3. Your metabolic response to starch and risk of obesity

Starch is broken down by an enzyme in our saliva called alpha-amylase. Some people have a genetic predisposition to produce lots of alpha-amylase, while others do not—all based on variations in a gene called AMY1. 

If you have more alpha-amylase, your body will break down starches better, meaning you will be less likely to gain weight or have a high body mass index (BMI). A genetic test should be able to tell you whether starches are going to be worse for you than the average person. 

Some DNA tests focus specifically on insights regarding how your body processes food and the genetic influences like this one that might affect your metabolism and eating habits.

If a genetic test shows you are at greater risk of gaining weight than the average person, don’t worry. You can still lose weight and stay healthy, potentially by using some of these science-backed weight-loss plans

4. Your likelihood of developing certain diet-related cancers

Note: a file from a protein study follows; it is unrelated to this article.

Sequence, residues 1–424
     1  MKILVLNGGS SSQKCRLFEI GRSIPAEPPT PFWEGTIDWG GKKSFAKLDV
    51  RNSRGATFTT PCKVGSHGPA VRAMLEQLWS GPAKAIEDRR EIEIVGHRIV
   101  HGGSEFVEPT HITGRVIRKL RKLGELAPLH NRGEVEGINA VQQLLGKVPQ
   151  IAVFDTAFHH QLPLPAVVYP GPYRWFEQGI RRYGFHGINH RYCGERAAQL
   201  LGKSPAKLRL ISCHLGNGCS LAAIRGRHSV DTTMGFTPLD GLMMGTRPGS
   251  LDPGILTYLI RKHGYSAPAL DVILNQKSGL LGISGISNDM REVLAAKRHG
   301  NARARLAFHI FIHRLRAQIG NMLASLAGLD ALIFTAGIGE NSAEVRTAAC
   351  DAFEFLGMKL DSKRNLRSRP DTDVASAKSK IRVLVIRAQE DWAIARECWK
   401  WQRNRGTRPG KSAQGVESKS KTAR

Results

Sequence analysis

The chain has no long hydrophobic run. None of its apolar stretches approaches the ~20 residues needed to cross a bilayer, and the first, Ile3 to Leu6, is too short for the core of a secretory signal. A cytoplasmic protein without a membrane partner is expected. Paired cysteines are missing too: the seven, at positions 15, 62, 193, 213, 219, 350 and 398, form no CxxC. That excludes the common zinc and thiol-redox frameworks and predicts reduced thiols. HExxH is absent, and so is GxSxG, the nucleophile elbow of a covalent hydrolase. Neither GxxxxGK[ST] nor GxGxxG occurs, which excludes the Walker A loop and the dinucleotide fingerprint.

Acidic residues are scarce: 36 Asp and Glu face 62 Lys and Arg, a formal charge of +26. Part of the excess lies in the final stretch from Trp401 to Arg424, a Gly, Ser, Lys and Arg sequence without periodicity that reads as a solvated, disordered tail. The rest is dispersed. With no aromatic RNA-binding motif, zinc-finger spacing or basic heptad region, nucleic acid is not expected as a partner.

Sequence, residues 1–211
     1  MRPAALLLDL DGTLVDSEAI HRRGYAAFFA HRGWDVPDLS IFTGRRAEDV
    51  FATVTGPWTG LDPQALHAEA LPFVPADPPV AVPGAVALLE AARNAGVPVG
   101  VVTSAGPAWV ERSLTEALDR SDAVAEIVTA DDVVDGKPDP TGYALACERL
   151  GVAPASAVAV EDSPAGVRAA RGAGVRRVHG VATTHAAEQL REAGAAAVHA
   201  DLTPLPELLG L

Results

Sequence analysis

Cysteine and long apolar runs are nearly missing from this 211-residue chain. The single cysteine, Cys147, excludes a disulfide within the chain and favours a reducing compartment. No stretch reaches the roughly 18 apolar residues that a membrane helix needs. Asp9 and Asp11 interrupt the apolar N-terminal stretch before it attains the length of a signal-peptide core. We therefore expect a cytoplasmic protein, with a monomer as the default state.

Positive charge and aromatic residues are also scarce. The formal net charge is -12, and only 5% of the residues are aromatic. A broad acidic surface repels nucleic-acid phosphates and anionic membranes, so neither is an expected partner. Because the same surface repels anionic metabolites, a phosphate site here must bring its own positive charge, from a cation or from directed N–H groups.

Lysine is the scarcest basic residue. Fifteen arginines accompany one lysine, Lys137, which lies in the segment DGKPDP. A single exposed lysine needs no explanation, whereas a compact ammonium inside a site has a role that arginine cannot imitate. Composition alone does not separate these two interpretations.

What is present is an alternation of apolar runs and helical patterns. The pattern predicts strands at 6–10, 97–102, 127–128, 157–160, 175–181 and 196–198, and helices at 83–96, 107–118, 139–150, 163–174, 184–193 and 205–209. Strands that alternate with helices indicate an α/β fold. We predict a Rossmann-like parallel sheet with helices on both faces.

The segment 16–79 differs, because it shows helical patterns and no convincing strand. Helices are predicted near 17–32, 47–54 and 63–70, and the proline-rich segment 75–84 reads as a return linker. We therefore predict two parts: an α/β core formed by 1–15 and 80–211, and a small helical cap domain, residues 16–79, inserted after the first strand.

There is evidence that, just as genetic variants can lead to vitamin deficiencies, vitamin deficiencies can lead to DNA damage and a higher risk of certain cancers. Specifically, deficiencies in iron, zinc, and the vitamins folate, B12, B6, and C have been associated with a higher risk of cancer. 

At-home DNA kits such as LetsGetChecked can tell you if you have any vitamin deficiency that you should look out for. Your doctor can advise you about foods to eat and supplements to take to help counter your risk. 

Whether you’re at risk from MTHFR

5. Whether you’re at risk from MTHFR

MTHFR stands for methylenetetrahydrofolate reductase, and it’s a common genetic mutation. People with this mutation are at greater risk of certain health conditions, such as ovarian cancer, and it generally affects the body’s ability to process folate and other B vitamins. 

Interestingly, the MTHFR mutation can also potentially affect the success of your body’s response to platinum-based chemotherapy. 

The 23andMe DNA testing service offers testing for this variant. If you find out you have it, dietary supplementation or eating foods rich in folate can potentially help counter your risk.

6. What kinds of vitamins you might be missing